In the past, John Darnielle has captivated fans with subject matters ranging from divorce, flooding, talking animals, mythology and even an abusive relationship between a father and son. On his newest venture, Get Lonely, Darnielle sees the light at the end of the tunnel from The Sunset Tree, and the end result is the painting of a rainbow/calm after the storm. Here, Darnielle is reflective, thoughtful and above all else, quiet. It's not hard to imagine him playing in a small bedroom where the only thing between you and his words is a nice bottle of wine.
On first listen of Get Lonley, I wasn't that impressed. The songs seemed the same and Darnielle's confident-yet-moody vocals were not what I needed at that moment. Frankly, it was making me want to fall asleep. However, after two cups of coffee I gave the record a second, and deserved third, spin. It was at that point that I finally got it and found it more enjoyable. There is a definite Nick Drake meets Bright Eyes meets Belle And Sebastian quality to Darnielle's songwriting. Part of that could come from the emotional material, but most of it stems from the way in which each song is told like a story rather than just spewing out lyrics that don't stick. For example, on "Woke Up New," as the story unfolds you can totally envision not only what this poor lovesick man's sweater looks like, but also you can begin to taste that coffee that he attempted to make that morning. It's also interesting to think that although there are many instruments that fill the record (from cello and guitar to drums and vibraphones) you still can't help but feel alone.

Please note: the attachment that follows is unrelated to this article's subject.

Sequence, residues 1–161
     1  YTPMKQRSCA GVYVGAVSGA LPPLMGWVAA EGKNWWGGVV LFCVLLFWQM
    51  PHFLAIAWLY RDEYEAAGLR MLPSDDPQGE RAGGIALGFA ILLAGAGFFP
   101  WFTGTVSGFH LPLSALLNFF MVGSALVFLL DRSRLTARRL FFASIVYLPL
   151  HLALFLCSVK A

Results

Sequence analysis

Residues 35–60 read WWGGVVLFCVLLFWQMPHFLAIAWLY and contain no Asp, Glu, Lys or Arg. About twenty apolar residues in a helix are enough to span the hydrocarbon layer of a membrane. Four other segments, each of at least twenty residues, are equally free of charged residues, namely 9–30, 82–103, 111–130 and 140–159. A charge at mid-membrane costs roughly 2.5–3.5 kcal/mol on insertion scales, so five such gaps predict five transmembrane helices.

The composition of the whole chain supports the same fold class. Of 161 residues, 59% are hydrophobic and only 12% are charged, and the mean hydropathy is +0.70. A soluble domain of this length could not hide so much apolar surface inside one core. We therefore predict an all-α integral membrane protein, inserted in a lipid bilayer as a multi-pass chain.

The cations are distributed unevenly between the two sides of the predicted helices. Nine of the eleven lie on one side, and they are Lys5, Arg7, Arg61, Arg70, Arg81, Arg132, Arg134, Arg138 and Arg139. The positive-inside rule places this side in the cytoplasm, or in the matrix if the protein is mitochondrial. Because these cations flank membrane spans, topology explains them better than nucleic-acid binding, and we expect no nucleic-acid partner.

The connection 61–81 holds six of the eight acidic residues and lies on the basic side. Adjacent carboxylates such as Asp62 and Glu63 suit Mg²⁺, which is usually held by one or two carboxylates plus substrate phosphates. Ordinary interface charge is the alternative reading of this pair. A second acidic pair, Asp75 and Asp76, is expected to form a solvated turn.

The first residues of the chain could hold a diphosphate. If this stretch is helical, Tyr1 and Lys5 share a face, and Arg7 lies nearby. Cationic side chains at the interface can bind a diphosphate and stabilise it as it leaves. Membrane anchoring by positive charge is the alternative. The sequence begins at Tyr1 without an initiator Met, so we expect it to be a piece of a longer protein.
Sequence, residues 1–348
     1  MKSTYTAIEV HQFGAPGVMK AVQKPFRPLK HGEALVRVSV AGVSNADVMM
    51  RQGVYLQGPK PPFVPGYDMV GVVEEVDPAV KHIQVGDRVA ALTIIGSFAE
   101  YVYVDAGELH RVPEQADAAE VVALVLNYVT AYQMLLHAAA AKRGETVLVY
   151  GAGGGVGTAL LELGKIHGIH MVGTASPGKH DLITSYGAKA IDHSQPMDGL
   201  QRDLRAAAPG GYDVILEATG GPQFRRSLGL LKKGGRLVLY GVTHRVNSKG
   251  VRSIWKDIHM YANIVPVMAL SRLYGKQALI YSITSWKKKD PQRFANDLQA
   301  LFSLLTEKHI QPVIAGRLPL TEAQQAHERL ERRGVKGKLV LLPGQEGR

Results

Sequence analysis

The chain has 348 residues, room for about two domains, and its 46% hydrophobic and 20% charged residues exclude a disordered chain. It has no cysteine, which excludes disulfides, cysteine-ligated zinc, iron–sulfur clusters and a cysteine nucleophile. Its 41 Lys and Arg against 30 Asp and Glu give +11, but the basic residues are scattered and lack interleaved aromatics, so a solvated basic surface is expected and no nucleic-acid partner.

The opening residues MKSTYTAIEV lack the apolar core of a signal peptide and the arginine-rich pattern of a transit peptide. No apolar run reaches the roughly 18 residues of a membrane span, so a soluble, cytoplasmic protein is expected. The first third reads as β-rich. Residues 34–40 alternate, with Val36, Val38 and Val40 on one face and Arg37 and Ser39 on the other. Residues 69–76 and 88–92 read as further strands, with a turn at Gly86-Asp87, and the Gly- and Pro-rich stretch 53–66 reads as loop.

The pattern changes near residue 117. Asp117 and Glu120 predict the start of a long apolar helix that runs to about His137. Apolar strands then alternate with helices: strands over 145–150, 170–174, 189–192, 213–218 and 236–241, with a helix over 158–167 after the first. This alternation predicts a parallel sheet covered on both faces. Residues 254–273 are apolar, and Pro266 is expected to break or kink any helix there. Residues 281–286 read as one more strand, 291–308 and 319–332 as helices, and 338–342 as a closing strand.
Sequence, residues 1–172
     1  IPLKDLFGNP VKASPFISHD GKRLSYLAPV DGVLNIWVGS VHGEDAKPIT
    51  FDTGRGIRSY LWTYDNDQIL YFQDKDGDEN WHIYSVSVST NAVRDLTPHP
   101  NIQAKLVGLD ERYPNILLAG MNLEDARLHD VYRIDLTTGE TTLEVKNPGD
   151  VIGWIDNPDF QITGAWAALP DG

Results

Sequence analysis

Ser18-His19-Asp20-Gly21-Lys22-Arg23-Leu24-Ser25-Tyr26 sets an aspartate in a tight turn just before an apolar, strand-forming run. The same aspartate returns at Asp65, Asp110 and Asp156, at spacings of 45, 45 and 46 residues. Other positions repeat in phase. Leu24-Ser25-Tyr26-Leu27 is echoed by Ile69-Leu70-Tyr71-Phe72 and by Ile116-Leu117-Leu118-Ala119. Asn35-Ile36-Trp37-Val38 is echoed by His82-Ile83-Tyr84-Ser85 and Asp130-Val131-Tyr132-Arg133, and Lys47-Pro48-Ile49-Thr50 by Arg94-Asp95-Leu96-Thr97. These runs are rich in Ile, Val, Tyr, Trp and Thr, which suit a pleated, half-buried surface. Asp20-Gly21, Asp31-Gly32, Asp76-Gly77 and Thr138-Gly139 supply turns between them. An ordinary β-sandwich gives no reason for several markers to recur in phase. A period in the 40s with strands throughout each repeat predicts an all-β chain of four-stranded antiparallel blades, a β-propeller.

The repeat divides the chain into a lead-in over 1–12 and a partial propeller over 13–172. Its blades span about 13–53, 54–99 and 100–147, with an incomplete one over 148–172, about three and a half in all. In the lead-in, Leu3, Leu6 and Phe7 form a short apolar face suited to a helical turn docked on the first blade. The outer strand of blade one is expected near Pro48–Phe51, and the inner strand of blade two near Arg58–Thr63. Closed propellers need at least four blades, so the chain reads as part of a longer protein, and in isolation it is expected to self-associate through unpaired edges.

It's important to keep in mind that The Mountain Goats is what it is. If you are a fan then by all means add this one to your collection. If you are new to them, I would suggest starting with Tallahassee over this one.